Cures From Your Garden


| 5/3/2013 12:12:29 PM


Tags: garden, herbs, health, healing, Allan Douglas,

The latest Grit newsletter listed a bunch of articles about home remedies and old-school medicine and it reminded me that I’ve been meaning to write an article about common garden items that have healthful benefits beyond their vitamins and minerals.  

Herb bed

Growing herbs has many advantages and takes very little space.  You can grow 16 different herbs in a 4’ x 4’ raised bed garden.  You may need to pot some plants: like mint, which is wildly invasive, but you can set the pot down into your bed if you want to keep them all in one place.

Parsley

Parsley has been cultivated for 2,000 years, and was used medicinally long before that. In fact, in ancient times parsley was regarded as sacred and was used to decorate tombs.

This leafy green is not just an attractive garnish; it’s chock full of essential vitamins. Just two tablespoons of parsley provide over 150% of the daily recommended value of vitamin K.  It’s also rich in vitamins A & C, and is an important source of antioxidants.  But what it less known is that the oil which is concentrated in the leaves and roots of parsley is high in apiol and myristicin, which are natural diuretics.

A study published in the "Journal of Ethnopharmacology" in March 2002 gave rats parsley seed extract and found that this significantly increased urine flow.  This would benefit anyone fighting kidney stones.

Drinking a tea made from dried parsley leaves or root three times a day can help keep your kidneys clear.  Steep 2 grams (.07 ounces) of dried parsley in 150 ml (5.07 US fl ounces) of hot water.

robyn dolan
5/7/2013 9:46:16 PM

Great stuff. I would be so happy if I could get mint to stick around all season. I love mint tea. I would even give it its own 3x3 raised bed to take over. Must be my black thumb. Dave, I agree. I work as hard as I can physically, which is sometimes not much, but I find if I work hard mentally it does the trick as well. By mentally, that would be: writing, music, sewing, etc.


allan douglas
5/4/2013 9:13:25 PM

Hi Dave! I understand you folks are getting some really weird weather. You are sure right about the number of people being treated for depression. I like your prescription. If that doesn't take care of it completely for someone, St, John's Wort is quite effective, available without a prescription, cheap, and doesn't have the nasty side effects of the prescription meds. And when they don't need it any more they don't have to wean themselves off of it to keep from going wacko. If anyone in your house likes to cook, having an herb bed close to the kitchen door is a great thing. It's amazing how much better food tastes when fresh herbs are used as seasoning. Basil, Thyme, Oregano, Sage, Rosemary, Chives and Dill all deserve a place in your bed and are easy to grow. I dig my basil up, pot it and bring it indoors during the winter, everything else does fine in the cold as long as I put a plastic covered hoop house over it to protect them from the winter winds. Fresh herbs all winter long!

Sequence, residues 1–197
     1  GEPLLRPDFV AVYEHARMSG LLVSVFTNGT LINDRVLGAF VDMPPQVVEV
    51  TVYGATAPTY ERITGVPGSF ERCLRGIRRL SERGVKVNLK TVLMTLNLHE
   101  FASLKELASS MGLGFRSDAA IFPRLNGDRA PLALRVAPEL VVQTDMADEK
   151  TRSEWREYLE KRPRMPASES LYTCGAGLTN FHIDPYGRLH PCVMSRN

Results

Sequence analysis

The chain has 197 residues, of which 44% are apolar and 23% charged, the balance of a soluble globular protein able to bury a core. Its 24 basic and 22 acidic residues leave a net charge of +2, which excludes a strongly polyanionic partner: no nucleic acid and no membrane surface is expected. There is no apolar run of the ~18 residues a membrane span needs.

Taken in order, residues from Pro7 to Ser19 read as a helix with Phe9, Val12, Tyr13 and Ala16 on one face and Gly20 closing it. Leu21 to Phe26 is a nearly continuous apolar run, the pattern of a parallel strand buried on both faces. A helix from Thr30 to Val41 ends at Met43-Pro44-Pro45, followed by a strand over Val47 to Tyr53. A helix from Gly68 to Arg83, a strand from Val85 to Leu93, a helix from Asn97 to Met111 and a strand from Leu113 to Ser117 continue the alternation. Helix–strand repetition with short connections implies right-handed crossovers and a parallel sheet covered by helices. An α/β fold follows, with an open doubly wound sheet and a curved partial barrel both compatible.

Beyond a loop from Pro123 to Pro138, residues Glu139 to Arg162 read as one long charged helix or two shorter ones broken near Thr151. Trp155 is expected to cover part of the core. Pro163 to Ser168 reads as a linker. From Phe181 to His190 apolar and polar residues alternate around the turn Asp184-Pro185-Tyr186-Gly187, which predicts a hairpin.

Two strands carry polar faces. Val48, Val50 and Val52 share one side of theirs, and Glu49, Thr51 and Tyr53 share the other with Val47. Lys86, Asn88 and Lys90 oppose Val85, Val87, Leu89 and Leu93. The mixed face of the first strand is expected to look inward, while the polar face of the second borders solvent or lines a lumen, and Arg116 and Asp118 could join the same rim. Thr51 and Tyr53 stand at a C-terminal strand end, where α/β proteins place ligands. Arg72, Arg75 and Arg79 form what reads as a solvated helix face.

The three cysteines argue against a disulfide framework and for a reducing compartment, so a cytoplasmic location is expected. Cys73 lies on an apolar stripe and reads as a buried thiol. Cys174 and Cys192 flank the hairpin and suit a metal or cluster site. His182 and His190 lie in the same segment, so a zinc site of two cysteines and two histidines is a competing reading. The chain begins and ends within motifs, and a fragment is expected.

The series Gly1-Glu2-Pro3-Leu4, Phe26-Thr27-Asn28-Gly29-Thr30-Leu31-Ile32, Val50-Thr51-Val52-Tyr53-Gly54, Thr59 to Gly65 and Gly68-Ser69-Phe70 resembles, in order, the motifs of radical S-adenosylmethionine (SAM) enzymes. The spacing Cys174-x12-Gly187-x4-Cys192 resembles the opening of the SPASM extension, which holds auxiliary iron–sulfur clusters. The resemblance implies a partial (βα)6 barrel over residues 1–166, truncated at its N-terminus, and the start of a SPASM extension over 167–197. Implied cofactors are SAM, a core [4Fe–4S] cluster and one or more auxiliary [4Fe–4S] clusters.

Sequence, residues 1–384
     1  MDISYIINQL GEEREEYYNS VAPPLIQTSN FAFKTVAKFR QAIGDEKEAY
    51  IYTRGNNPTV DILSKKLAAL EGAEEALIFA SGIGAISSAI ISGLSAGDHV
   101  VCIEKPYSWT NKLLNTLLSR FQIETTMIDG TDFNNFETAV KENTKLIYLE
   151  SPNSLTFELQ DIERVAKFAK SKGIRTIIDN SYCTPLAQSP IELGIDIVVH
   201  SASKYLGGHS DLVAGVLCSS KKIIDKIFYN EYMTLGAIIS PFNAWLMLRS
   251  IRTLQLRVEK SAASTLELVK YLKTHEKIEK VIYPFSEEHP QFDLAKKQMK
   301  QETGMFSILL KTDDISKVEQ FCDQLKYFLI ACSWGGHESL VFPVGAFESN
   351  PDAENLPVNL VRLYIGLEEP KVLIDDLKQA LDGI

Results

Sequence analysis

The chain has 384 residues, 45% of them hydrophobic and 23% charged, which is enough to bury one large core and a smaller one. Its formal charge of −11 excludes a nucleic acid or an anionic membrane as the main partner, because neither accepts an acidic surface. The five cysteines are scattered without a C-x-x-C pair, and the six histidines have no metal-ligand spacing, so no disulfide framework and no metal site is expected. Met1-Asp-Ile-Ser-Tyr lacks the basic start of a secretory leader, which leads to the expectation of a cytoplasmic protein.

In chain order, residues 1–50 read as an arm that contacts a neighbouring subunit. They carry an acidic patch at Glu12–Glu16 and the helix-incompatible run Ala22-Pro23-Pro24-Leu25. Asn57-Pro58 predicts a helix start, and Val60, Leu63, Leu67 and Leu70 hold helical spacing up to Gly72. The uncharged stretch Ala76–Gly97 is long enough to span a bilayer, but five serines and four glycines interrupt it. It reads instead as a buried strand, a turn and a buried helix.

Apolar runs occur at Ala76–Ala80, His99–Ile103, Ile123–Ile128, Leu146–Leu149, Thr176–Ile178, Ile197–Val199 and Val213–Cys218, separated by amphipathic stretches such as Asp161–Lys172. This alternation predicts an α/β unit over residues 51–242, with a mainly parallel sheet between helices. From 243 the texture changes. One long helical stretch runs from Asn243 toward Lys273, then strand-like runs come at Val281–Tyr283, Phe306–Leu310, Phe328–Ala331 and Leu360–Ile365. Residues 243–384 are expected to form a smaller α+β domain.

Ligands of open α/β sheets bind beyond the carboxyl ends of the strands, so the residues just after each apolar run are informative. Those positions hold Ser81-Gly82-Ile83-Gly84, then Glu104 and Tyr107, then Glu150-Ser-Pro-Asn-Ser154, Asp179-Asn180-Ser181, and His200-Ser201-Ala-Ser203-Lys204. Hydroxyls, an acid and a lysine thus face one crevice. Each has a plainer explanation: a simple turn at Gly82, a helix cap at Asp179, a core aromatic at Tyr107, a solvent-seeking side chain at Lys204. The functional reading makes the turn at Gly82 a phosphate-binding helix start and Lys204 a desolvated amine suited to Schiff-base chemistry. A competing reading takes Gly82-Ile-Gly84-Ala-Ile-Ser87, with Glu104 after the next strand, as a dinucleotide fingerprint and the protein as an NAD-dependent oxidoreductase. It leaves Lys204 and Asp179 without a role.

nebraska dave
5/4/2013 2:53:20 PM

Allan, all good tips about herbs. Now all I have to do is grow some. Because of your post and other articles read, I'm thinking there could be an herb raised bed at the Urban Ranch in the near future. I'm thinking it will become an important to be able to have health remedies in the future. It's truly scary to think about what would happen if suddenly there was a shortage of medications. It's rare to find a person that's not on some kind of prescription medication. I'm always surprised to find out how many of my friends and acquaintances are on depression medicine. It tells me there's something wrong with our culture for depression to be so prevalent. My prevention for depression is to work all day hard physically and go to bed tired. In my humble opinion, that's the way our bodies do the best. Have a great day in the herb garden.





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